Fiona Harris reminisces about the importance of poetry in her life and how she uses it in her teaching.

International Poetry Day is celebrated on 21 March, but did you know that the month of August is Australian Poetry month? In our office it prompted us to recall times past…when we were required to assemble a poetry anthology (picture a small wooden box full of handwritten poems, sorted into some semblance of order) during our final years of Teachers College. It set us to musing about the use of this tool with the children we have taught over generations and to a specific year when I worked with a wise educator named Joan. Joan loved poetry and whenever an idea caught wind with the children she would ponder on their ideas and questions and return to us the next day with a poem she had scribed in honour of their thinking. I loved working with Joan. I recall one day the children turning over all of our tables and creating a sea of ships, masts, hats, planks and telescopes in our playroom to role play Joan’s poem about pirates she had penned as she thought about the children’s adventures a day earlier …."we shouted Hi, we shouted Ho, and all the while we looked around for ships that we could sink!” (Joan Corrigan 1994)

When I was a child, my father had two red, linen-bound volumes of AB Patterson and Henry Lawson which he received at the age of 21 and memorised! As a family of campers, he would retell these iconic ballads of Australian history around the campfire with much enthusiasm…and it was catching…I could recite the whole of Patterson’s 'The Man from Ironbark' by the time I was in second grade and in an ode to his mother, I read 'The Bush Christening' at her funeral.

"Education is not the filling of a pail, but the lighting of a fire."
- William Butler Yeats

There are two camps when it comes to poetry; those who love and use it with enthusiasm and others who shrink from lines of verse, wary of the language use, metaphor, rhyme and rhythm. If you are in this second camp, can I encourage you to dip your toe into the water and try it again from a new perspective. Poetry offers many opportunities to support children’s learning as you engage with children’s questions and ideas and deepen the complexity of their thinking with a well-chosen poem.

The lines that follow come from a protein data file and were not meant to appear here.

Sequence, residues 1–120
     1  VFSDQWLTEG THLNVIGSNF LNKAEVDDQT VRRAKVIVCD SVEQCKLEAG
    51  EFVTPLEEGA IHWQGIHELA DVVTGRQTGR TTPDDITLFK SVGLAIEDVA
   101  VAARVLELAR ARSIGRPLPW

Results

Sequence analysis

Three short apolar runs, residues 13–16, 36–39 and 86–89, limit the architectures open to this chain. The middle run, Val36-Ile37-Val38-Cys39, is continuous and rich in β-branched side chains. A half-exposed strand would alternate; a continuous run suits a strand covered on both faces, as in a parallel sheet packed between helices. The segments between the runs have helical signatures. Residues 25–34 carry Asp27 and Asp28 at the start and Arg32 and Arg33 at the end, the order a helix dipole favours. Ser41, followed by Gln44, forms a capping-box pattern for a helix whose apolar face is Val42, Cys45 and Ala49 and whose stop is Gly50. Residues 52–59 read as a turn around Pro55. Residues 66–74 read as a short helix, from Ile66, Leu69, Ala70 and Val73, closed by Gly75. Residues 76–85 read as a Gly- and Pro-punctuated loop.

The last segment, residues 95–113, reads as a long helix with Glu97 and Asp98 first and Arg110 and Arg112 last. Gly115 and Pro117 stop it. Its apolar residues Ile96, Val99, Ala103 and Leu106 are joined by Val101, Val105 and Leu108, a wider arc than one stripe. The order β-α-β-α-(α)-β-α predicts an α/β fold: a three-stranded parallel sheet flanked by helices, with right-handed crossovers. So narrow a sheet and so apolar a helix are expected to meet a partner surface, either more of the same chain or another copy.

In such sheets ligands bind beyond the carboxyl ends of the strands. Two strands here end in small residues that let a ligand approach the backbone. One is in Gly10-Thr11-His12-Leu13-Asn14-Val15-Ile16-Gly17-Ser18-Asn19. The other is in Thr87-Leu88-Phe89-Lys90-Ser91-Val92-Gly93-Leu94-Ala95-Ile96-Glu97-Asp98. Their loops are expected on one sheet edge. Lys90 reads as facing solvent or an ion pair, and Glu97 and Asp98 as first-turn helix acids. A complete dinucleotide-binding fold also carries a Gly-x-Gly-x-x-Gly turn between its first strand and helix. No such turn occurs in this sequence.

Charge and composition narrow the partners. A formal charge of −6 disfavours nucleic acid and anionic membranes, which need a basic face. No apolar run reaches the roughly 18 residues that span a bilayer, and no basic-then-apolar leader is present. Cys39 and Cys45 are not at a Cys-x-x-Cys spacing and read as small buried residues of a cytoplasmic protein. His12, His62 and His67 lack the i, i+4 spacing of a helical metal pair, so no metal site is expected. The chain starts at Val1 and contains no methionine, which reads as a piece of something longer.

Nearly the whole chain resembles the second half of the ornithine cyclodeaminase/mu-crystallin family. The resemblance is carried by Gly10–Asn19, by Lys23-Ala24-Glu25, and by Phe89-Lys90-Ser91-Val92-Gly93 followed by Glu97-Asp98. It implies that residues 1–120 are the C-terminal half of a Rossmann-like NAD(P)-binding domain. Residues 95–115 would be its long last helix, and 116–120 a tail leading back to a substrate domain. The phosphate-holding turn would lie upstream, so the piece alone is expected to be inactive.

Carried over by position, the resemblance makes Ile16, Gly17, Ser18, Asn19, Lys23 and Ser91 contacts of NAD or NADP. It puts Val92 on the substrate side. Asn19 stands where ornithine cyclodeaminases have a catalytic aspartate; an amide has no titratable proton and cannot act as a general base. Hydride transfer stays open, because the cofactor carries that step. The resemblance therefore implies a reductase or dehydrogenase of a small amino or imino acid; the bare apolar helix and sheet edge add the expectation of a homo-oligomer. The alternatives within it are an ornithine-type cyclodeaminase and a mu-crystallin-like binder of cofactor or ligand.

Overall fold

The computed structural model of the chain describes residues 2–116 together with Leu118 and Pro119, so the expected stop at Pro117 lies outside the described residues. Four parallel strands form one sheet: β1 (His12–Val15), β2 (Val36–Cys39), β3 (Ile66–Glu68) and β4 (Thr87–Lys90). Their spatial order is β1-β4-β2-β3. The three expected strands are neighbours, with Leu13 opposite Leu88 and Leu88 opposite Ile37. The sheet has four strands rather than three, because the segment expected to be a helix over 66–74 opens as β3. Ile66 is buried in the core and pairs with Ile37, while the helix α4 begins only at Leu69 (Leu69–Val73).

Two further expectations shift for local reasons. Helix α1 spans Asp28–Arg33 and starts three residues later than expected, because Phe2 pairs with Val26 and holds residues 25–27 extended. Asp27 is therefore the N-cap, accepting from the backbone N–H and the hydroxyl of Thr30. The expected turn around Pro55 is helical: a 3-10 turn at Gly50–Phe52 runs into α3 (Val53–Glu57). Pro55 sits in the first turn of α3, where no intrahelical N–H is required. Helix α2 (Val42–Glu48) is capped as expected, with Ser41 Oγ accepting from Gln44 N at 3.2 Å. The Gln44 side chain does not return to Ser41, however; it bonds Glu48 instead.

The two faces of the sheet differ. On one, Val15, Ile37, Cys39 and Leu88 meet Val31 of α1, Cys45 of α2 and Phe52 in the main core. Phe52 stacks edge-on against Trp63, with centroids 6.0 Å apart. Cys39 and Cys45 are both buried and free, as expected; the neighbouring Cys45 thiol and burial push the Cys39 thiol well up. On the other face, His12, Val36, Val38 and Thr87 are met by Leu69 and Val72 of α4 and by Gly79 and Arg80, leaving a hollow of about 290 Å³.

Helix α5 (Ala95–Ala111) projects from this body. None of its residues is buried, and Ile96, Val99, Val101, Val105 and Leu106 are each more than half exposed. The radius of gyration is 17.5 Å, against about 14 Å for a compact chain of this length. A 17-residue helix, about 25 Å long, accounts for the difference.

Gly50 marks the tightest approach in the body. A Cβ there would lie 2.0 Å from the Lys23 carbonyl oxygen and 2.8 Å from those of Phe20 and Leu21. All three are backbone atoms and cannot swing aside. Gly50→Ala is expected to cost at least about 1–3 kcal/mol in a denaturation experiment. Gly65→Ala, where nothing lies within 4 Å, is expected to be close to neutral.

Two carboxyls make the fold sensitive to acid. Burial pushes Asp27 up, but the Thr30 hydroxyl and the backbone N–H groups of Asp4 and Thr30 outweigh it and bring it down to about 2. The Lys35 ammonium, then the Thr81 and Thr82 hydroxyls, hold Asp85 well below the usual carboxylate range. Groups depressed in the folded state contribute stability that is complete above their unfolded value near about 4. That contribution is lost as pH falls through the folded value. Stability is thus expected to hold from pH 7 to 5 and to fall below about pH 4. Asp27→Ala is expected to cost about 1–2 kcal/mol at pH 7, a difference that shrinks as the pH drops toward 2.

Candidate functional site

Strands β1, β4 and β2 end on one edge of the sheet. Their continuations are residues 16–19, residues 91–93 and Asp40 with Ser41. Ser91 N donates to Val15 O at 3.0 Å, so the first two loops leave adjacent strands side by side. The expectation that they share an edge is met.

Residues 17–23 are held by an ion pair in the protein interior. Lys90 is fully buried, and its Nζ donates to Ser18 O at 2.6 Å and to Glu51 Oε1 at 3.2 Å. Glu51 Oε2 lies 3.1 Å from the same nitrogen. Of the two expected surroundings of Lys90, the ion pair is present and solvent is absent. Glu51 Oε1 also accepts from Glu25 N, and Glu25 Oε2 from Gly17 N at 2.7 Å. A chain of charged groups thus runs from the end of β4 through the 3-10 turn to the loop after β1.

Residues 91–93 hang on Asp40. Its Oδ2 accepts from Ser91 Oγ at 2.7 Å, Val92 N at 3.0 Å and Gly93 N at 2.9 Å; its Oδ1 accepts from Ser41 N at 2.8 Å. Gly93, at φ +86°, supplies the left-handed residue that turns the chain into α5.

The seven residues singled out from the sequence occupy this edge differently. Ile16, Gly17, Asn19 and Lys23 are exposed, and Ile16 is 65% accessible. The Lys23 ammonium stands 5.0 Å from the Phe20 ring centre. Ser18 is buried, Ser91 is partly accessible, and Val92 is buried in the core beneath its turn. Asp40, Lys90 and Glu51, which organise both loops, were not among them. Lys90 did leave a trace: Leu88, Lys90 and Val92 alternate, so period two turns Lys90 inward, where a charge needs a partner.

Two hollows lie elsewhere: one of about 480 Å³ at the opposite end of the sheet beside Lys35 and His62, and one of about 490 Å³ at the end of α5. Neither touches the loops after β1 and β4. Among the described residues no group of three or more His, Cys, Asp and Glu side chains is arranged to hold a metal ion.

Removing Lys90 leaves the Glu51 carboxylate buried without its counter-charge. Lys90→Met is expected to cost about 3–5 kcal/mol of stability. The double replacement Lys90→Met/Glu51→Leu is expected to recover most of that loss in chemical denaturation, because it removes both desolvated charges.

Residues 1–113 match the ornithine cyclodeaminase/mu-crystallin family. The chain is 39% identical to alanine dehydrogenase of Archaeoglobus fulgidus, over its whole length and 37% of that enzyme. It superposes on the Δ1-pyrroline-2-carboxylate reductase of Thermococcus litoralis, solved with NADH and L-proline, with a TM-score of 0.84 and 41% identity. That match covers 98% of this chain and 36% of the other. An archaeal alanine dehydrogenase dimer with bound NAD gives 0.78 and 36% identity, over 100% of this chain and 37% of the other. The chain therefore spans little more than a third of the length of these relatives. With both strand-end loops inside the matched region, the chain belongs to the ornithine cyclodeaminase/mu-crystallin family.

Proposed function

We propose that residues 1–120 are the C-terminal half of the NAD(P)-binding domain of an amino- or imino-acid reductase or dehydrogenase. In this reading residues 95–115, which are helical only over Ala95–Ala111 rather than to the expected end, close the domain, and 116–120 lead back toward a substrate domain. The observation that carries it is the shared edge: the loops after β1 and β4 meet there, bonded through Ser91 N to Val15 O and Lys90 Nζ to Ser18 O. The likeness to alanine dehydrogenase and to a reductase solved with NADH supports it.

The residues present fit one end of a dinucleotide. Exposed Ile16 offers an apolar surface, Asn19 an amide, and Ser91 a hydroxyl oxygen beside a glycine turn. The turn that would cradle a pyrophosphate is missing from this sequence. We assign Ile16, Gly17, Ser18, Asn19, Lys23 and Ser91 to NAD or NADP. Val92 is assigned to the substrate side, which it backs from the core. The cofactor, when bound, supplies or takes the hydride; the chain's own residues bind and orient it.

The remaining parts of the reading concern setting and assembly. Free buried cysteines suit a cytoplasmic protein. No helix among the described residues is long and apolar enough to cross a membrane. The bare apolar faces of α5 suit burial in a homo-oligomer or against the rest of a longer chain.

The EYLF places high importance in the development of communication skills. Children are social beings who are intrinsically motivated to exchange ideas, thoughts, questions and feelings, and to use a range of tools and media, including music, dance and drama, to express themselves, connect with others and extend their learning. They need good receptive and expressive language skills to do this. The EYLF encourages us to provide literacy opportunities in many forms, including poetry.

Poetry supports language development as children learn new words and play with rhyme. The very nature of writing poetry demands considered word choice and this in itself guarantees an offering of words previously never heard! Poetry supports cognition as children wrestle with new word meanings and explore complex ideas through simile and metaphor. When children are listening to poems being read orally, they are building their listening skills. They learn to attend to the words they hear and to think about what those words mean together. Poetry supports the development of memory as children engage with favourite poems and recall extended parts of the poem over time. In addition to vocabulary expansion and language and cognitive development, relational development is another amazing benefit of reading poetry to children. Through poetry, children are invited into new perspectives of the world in which we live, poetry engages different points of view and explores cultures and beliefs. Poetry can have a positive impact on the social and emotional learning of children. It may offer them a new way of thinking about something. It can put things into words that children may not know how to express otherwise. Poetry encourages children to express themselves and their feelings. Poetry affirms our common humanity, revealing to us the feelings and questions which unite us. Jeanette Winterson, a poet and writer, once said that poetry “It isn’t a hiding place. It is a finding place.” Poetry inspires children’s imaginations to run wild. And more than anything, poetry is fun to share!